the March 24 Council meeting, Bonnie Gibson gave an extended
report on the University's budget (see Almanac March 30, 2004 available online), and Vice Provost for Strategic
Initiatives Les Hudson gave a presentation (see below).
and Security Committee's interim report indicated that
they are exploring issues such as lighting, safety in parking
lots, diversity, safety of women on campus, international
students' concerns, traffic safety and bicycle safety.
Judith Rodin spoke about Penn's new urban research institute
(Almanac March 30) that is sponsoring a symposium
on April 14. Dr. Rodin and the institute's co-chairs will
be in Washington, D.C. for congressional briefings later
this month. The institute will provide an umbrella for
the many Penn/West Philadelphia initiatives and aspirations
yet to be fulfilled." The Urban Agenda is one of the five
new academic priorities, along with The Arts (Almanac September 23, 2003).
March 24 was the second annual Arts Day at Penn (Almanac March 16, 2004).
Beck, vice president for ISC, gave a presentation on campus-wide
electronic mailings and explained that there are more than
30,000 e-mail users at Penn. She said that there are two
different services offered by ISC for large mailings. Those
who send campus-wide mailings to predetermined lists such
as all faculty and staff are charged $250 to cover costs
to send the e-mail in stages to the different servers on
campus, often overnight. However, those who set up e-mail
lists that are hosted on ISC servers are charged a $30
one-time fee and an annual $40 fee.
then presented a resolution, and seconded by PPSA, on
e-mail access for Council constituencies to have a fee
waiver or the allocation of sufficient funding to e-mail
their members, ie., GAPSA, UA, PPSA, WPSA and the faculty.
It received widespread approval from Council.
on the PennPass Program was also presented by GAPSA, and
seconded by the UA, to make SEPTA passes more cost-effective,
more flexible and more widely used by Penn students, faculty
and staff. It received nearly unanimous approval.
students from The Ivy Council--an organization of student
representatives from the Ivy League holds an annual Ivy
Leadership Summit--explained their need for support from
the administration for their endeavors. VPUL Val Cade then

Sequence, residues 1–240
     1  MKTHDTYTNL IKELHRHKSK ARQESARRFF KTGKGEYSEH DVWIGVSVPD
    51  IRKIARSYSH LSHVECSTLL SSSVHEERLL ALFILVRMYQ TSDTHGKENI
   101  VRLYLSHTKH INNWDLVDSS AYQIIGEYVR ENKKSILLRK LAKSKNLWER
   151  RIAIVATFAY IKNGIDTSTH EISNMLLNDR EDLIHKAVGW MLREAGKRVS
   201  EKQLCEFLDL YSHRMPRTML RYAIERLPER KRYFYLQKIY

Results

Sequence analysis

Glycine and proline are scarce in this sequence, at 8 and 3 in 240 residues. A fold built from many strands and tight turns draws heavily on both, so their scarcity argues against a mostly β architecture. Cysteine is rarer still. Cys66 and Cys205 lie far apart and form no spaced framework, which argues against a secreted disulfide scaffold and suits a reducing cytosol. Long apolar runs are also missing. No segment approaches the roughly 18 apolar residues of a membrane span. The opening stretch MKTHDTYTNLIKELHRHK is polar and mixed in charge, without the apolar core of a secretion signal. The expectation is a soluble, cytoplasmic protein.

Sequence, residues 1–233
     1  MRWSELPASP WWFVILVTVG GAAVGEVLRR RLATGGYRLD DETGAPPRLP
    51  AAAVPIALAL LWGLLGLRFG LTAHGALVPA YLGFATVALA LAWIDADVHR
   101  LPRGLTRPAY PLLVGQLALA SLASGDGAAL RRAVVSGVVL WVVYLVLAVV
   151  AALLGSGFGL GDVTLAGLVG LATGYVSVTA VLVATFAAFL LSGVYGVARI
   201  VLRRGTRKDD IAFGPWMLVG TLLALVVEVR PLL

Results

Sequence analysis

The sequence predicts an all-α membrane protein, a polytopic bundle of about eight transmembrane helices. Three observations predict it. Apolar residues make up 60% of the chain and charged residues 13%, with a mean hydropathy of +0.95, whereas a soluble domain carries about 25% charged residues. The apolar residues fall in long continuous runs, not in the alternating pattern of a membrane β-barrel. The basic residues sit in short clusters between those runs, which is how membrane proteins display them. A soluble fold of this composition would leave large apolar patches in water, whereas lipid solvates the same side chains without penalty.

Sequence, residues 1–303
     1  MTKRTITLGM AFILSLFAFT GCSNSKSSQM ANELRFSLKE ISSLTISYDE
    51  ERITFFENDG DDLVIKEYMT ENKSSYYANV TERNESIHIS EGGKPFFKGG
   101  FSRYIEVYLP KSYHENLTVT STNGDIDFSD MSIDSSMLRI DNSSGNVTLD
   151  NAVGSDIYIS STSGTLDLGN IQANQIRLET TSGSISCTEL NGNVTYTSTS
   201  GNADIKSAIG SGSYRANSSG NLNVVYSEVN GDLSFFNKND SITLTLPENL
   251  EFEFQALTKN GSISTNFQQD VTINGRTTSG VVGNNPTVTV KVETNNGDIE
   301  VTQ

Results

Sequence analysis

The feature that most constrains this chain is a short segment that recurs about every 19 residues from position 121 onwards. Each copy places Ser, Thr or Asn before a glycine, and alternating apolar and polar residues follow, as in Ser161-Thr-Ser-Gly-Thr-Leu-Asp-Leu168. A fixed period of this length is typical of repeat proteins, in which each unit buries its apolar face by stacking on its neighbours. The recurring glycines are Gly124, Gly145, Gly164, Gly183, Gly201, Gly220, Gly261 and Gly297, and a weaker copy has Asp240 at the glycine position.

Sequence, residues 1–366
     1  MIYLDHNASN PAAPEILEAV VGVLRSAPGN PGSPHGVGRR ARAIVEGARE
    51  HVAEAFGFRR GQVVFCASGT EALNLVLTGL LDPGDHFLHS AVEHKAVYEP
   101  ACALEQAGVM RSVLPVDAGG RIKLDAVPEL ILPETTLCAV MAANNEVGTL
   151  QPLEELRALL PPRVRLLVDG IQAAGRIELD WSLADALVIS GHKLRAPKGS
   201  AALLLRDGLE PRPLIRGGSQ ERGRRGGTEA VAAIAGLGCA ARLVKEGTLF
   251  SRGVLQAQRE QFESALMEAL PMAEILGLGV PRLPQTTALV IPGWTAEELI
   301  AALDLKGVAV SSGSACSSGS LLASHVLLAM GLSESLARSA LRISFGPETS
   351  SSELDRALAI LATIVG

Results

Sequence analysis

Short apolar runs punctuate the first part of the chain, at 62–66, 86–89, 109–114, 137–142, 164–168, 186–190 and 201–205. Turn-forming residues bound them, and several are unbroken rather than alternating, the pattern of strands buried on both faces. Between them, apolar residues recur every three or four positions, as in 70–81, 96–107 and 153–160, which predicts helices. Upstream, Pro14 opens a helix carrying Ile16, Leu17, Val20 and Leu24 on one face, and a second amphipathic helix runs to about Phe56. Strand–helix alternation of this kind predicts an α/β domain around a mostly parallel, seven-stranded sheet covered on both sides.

volunteered to work with the UA to assist them and Senate
Chair Lance Donaldson-Evans offered the expertise of the
Faculty Senate leadership.
to Council on Strategic Initiatives, Dr.
Leslie Hudson, vice provost for Strategic Initiatives
Transcribed and condensed
from Dr. Hudson's
oral presentation to the council
new Office of Strategic Initiatives is part of the expanded
role of the provost's office and brings together functions
that existed but had never been operated in an integrated
way. The responsibilities include managing technology commercialization
and providing economic leadership. Penn has not held itself
separate from its surrounding community and the southeast
corner of Pennsylvania has gained a great deal from the
presence of Penn.
in a sense, in this new decade we are going into with a
new president coming we'll actually have an enviable position
to be able to leverage the tremendous advances and indeed
the models that were built from the previous presidency
in how a university can engage with the community for the
betterment of both.
refine and improve ongoing operations, to help revenue
sources to contribute to our core mission--that of scholarship
in teaching and research is the driver that is important.
This is not an office which is there simply to drive revenue,
it's to drive revenue with a purpose related to our core
gifts will continue to be an extremely important means
by which Penn will be able to grow its core mission but
commercialization of it's intellectual property generated
from federally-funded research grants and to increase access
to industrial partnership is one major area where we can
grow revenue and engage in research scholarship and training
of a type that we have not really plumed as deeply as we
will going forward.
IBM company is extremely interested in trying to investigate
new types of relationships with universities like ours
at a time in American history when we are starting to transform
many of our technology-based industries in a way which
probably 20 years ago would have been impossible to predict.
IBM at that stage and for the following 10 years made and
sold computers. Now IBM is a major life sciences research-based
company and it sells consulting services. Something that's
becoming hugely important for the country going forward.
manufacturing industries now are being off-shored at increasing
rates. We are seeing a tipping point of the change of the
basis of American competitiveness. I should note that in
spite of my accent, my passport, indeed my choice of citizenship
is American so I'm very much in this with you.
research investment has really been stellar and it's been
a sustained investment. Looking at today compared with
where we were last year, the federally-funded research
grants were about 97% of all our funded grants. We are
within 3% of where we were last year so we're going to
continue to be receiving grants up to and probably in excess
of $700 million. On an annual basis we actually invest
$400 million a year in our in-house research enterprise.
is a major engine that generates intellectual property.
The intellectual property is largely marked by medical
inventions and this is an area which because of the preeminence
of our medical school and also because we have under the
same management structure our health system, we are very
well positioned to be able to continue that growth and
advance. Engineering and nanotechnology and are starting